Aims and Objectives To investigate whether using the ‘think aloud’ technique during standard quality of life surveys provides useful additional information about patients’ experiences of living with atrial fibrillation (AF) and health related quality of life (HRQoL). Background Atrial fibrillation is the most common cardiac arrhythmia and has serious health consequences, particularly ischaemic stroke, high rates of morbidity and mortality and poor HRQoL. Standard quality-of-life questionnaires are often used but may not provide sufficient detail of patients’ experiences living with AF. Design A qualitative interpretative study based on semi-structured interviews. Methods Patients with AF (n = 12) were recruited from the Choice of Health Options in Prevention of Cardiovascular Events-in Atrial Fibrillation (CHOICE-AF), a risk factor management program. Participants were interviewed using a ‘think aloud’ technique with questions guided by the AF Effects on Quality Of Life Questionnaire (AFEQT) and the Short Form-12 (SF-12). Interviews were audio-recorded, transcribed and analysed thematically. Results Participants had a median age of 71 years (interquartile range 52 to 77 years), and included four women and eight men. Four themes were identified related to experiences of living with AF and HRQoL including: (1) the adverse impact of atrial fibrillation symptoms, treatments, and related knowledge; (2) loss of function or independence; (3) the influence of age; and (4) approach to life. Conclusions Atrial fibrillation, especially in older adults, creates an additional layer of requirements for self-management onto existing self-care needs. Even for patients with relatively high HRQoL, the ‘think aloud’ technique together with standard HRQoL questionnaires can help identify additional issues that can be addressed by health professionals to improve the HRQoL of these patients.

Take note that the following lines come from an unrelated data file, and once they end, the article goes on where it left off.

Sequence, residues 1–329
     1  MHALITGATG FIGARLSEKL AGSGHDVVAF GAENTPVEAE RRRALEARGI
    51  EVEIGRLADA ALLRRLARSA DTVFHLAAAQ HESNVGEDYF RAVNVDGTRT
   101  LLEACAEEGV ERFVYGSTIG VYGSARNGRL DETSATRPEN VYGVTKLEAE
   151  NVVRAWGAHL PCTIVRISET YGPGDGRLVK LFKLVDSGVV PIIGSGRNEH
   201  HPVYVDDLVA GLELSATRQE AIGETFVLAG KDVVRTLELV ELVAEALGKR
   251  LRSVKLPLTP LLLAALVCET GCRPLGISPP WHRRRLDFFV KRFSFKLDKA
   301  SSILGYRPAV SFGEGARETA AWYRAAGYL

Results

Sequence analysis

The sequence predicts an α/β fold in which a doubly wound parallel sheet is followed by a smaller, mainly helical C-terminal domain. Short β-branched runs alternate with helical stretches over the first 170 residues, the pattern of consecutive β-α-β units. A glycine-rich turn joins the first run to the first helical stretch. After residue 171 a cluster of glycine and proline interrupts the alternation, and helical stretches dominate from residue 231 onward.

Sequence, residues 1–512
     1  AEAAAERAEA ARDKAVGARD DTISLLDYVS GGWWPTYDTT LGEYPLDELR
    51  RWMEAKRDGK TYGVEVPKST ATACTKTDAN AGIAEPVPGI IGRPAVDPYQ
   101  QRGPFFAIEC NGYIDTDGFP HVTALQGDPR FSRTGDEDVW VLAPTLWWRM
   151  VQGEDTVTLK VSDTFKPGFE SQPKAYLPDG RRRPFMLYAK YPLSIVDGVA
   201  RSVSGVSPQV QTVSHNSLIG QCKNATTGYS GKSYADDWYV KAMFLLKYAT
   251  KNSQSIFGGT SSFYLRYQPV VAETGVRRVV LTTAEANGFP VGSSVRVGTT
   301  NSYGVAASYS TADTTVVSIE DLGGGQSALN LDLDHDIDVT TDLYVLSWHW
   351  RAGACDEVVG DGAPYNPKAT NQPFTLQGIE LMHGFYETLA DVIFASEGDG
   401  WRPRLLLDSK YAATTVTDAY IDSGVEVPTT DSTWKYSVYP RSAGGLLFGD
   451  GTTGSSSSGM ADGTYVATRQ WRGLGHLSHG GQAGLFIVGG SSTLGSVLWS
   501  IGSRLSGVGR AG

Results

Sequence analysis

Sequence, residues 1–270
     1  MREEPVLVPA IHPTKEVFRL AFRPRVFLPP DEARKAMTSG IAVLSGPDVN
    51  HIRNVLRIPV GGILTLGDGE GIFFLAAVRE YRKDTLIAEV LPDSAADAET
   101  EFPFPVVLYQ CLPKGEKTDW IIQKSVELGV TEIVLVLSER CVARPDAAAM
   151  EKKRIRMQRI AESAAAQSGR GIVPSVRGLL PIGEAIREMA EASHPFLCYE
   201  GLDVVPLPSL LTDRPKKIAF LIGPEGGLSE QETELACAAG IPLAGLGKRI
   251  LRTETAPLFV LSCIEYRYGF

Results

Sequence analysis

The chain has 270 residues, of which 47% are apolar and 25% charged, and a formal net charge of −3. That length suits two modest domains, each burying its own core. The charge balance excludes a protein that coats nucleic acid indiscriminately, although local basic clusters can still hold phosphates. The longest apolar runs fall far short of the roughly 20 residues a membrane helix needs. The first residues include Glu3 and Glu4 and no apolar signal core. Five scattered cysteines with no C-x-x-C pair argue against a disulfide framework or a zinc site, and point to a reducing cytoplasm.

- Atrial fibrillation
- Health related quality of life
- Patient experience